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Definition: Napoleonic Wars from The Macquarie Dictionary
1.

a series of wars, 1805--1815, waged by France under Napoleon I against England, Prussia, Austria, and Russia, sometimes individually and sometimes as allies.


Summary Article: Napoleonic Wars
from The Hutchinson Unabridged Encyclopedia with Atlas and Weather Guide

The origins of the Napoleonic Wars Napoleon has often been called a warmonger, but he did not start the great conflict that bears his name. Europe had been at war seven years before he took power in France in 1799, and at least some of the conflict's origins go back over a century. In the long term, these wars were the last round in a long struggle for power between Britain and France, which stretched back to the late 17th century. In the short term, it was a continuation of the war between the French revolutionaries and the other European states, begun in 1792. Napoleon inherited these two conflicts, neither of which he had provoked, but he had to deal with them quickly, for France faced defeat in 1799.

Napoleon triumphs, 1799–1807 Napoleon fought his first campaign as leader of France with the tired, weakened armies he inherited from the revolutionaries. In 1800 he defeated an Austrian army in northern Italy at the battle of Marengo, and knew he was lucky that the war ended quickly. All the great powers were exhausted by this time, France as much as the rest, and a general peace was soon agreed, rounded off in 1802 by the Treaty of Amiens with Britain. Britain and France returned to war after only eighteen months, but the fighting was confined to naval warfare, and the continent was at peace until 1805.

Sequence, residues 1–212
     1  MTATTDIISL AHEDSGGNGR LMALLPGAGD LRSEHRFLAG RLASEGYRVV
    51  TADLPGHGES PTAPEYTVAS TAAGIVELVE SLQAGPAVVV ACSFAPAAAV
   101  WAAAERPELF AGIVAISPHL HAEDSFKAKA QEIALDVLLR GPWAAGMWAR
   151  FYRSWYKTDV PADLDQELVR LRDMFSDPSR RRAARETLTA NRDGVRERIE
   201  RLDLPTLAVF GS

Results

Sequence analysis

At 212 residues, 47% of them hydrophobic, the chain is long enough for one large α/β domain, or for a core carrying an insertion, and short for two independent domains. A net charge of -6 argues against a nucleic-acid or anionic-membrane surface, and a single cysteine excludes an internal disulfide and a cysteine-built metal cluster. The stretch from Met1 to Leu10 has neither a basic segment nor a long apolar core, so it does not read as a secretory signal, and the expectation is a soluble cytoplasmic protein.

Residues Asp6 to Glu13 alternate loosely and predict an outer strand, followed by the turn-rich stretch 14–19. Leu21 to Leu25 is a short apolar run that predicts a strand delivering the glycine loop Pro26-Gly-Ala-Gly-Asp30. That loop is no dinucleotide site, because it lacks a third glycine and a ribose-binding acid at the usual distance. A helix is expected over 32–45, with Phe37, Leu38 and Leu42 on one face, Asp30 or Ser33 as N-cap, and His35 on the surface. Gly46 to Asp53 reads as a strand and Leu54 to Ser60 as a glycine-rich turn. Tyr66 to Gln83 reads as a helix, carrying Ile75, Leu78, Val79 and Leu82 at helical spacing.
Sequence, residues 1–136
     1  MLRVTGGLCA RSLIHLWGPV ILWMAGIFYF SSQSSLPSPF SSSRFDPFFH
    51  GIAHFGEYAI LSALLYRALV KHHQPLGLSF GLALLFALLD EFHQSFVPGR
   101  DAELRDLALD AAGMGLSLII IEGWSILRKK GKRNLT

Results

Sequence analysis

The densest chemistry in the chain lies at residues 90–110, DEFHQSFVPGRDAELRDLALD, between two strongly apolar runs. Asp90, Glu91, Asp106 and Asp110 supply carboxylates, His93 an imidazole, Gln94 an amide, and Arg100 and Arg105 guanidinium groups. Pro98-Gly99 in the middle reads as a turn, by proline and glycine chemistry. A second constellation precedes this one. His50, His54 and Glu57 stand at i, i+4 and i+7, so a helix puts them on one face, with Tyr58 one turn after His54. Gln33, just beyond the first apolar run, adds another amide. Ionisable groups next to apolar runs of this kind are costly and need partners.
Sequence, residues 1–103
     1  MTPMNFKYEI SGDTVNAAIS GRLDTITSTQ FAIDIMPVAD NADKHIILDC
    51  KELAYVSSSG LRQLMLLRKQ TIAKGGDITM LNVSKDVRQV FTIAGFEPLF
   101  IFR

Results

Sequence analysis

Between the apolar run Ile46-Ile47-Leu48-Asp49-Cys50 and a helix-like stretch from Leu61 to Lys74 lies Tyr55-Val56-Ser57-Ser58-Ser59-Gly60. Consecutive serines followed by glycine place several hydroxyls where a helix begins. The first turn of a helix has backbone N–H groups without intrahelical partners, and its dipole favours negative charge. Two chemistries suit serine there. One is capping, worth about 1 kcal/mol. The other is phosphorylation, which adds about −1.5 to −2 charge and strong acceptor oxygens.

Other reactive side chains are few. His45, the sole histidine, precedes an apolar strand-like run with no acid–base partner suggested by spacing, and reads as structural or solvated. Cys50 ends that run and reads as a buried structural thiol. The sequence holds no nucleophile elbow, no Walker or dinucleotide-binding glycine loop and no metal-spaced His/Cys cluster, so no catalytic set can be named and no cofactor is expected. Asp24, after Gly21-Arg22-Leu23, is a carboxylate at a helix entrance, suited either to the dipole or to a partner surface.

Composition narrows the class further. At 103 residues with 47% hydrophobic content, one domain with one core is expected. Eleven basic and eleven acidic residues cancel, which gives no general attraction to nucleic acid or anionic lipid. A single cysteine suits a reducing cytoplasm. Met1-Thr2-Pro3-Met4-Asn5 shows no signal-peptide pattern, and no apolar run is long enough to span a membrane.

While the other European rulers only toyed with projects for reform, Napoleon used these years of peace to reform France in ways that made it better able to wage war. He trained a massive army to high standards of military efficiency, and placed it under several dynamic generals. Morale and tactics were the key, for the Napoleonic army's weapons were little different to those of its opponents. It was raised to invade England, but all hope of this was ended on 21 Oct 1805 when the British, under Admiral Nelson, defeated the French navy at the Battle of Trafalgar.